Director: Ana Lily Amirpour
Starring: Sheila Vand, Arash Marandi
Described as "the first Iranian vampire western" (which is a weirdly specific descriptor, when you think about it), Ana Lily Amirpour's A Girl Walks Home Alone At Night is a delightful little curio. Light on plot (it's your basic boy meets girl, doesn't realize she's a vampire who stalks and kills people in his neighborhood every night story) and heavy on style, A Girl Walks Home Alone At Night is a wonderfully arty horror movie that makes the most of its limited resources, filling in whatever blanks it contains due to a low budget with plenty of atmosphere. While the film is ultimately a work that is light as air, it's also highly entertaining and suggests a great emerging talent in writer/director Amirpour.
A Girl Walks Home Alone At Night is set in a ghost town in Iran called Bad City and features a handful of characters: Arash (Arash Marandi), a young man whose prized possession is the car that he's worked and saved for years to buy and which is the one good thing in his life since the loss of his mother and his father, Hossein's (Marshall Manesh) descent into drug addiction; Saeed (Dominic Rains), a drug dealer and pimp; Atti (Mozhan Marno), a prostitute; Shaydah (Rome Shadanloo), a rich girl whose family Arash works for; and a young (and unnamed) street kid (Milad Eghbali). Appearing suddenly in their midst one night is a mysterious woman (Sheila Vand), who walks the streets by herself, but is not nearly as vulnerable as she may at first appear to be. Her first target is Saeed, who has recently taken possession of Arash's car as collateral against the drug debts that Hossein owes to him, and who invites her back to his apartment for drugs and sex. He gets more than he bargained for, however, when she reveals a pair of sharp teeth and then uses them to kill him in a gruesome fashion.
The method to the mystery woman's madness seems to be not just a hunger for blood, but a desire to punish those she sees as "bad" men. At least, her warning to the street kid to be a "good boy" suggests such motivation. After she kills Saeed, Arash finds the body and opts to steal the briefcase full of money and drugs on Saeed's coffee table, in addition to taking back the keys of his car. Unlike Saeed, however, Arash isn't a "bad" man and is perhaps the closest thing the story has to a "victim," at least as far as the male characters go. He's pushed around by Saeed, held hostage by his father's addiction, dismissed by Shaydah when she isn't toying with him, and above all stuck in the dying Bad City where there's no possible future for him, or anyone else for that matter. When his path crosses that of the mystery woman, his fate proves different from anyone else's - but arguably no less intense.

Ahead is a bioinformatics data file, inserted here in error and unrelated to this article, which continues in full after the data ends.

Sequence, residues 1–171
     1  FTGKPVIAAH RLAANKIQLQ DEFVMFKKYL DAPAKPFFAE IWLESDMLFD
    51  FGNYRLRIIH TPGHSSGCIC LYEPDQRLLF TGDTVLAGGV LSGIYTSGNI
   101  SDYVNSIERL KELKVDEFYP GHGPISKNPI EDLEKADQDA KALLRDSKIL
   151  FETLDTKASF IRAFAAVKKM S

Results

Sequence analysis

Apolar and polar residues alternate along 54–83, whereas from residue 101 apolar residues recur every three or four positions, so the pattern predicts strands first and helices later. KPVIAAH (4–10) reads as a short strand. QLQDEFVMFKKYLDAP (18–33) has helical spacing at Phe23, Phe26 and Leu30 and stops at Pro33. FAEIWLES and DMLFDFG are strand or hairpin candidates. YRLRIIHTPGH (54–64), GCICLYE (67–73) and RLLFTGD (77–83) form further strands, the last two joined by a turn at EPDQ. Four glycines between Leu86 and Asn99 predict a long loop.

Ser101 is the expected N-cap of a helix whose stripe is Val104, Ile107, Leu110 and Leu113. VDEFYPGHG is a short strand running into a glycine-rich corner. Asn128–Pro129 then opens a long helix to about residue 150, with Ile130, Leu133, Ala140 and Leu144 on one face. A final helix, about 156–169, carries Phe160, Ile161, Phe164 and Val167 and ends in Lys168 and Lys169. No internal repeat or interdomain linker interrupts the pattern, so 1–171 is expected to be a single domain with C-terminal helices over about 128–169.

Beautifully shot in stark black and white, A Girl Walks Home Alone At Night is a mood piece more than anything and there's a hypnotic quality to it in terms of the way that it's shot, how it captures the characters moving, and the muted quality of the setting. Even in the absence of "The Girl," as Vand's character is credited, the suggestion of death hangs over Bad City, which is essentially a dead city where the streets are sparsely populated and everyone who remains seems to be in a state of waiting for the final blow. For those like Hossein, the presence of an actual vampire is hardly even necessary because his drug addiction (which takes the form of needle drugs) is already doing the work, but leeching the life from him in a much slower and more drawn out way. For a character like Arash, the vampire takes the form of everything that's keeping him trapped there - the dead-end job, the lack of opportunity to rise in the world, the father who is a drain on him financially and emotionally, the people around him who want only to "take" - and sapping his will to carry on. The Girl is merely the corporeal embodiment of what already existed in the city.
A Girl Walks Home Alone At Night is a slight work, both in terms of its plot and its ambition, but it's also an intriguing one in terms of its thematic content, particularly its depiction of gender, sex, and power. For example, The Girl is depicted wearing a chador, which is viewed by some as a symbol of oppression, when she's out in public (not that there's ever much "public" in the streets she haunts), and yet she is a physically and psychologically dominant presence who routinely takes control of her interactions with men (she's also the only female character in the film seen wearing that garment), so that she's taking power from men even as she's styled in a way which suggests feminine submission. The chador becomes the classic vampire cape (a fact underscored by a scene in which The Girl and Arash interact while he's wearing a Dracula costume) and becomes in its way a tool of empowerment, as The Girl is the only truly active agent in the narrative, where everyone else is reactive. Although it plays out on the small scale of a genre B movie, there are a lot of ideas at play in A Girl Walks Home Alone At Night, ideas which Amirpour will hopefully have an opportunity to explore more deeply in future projects.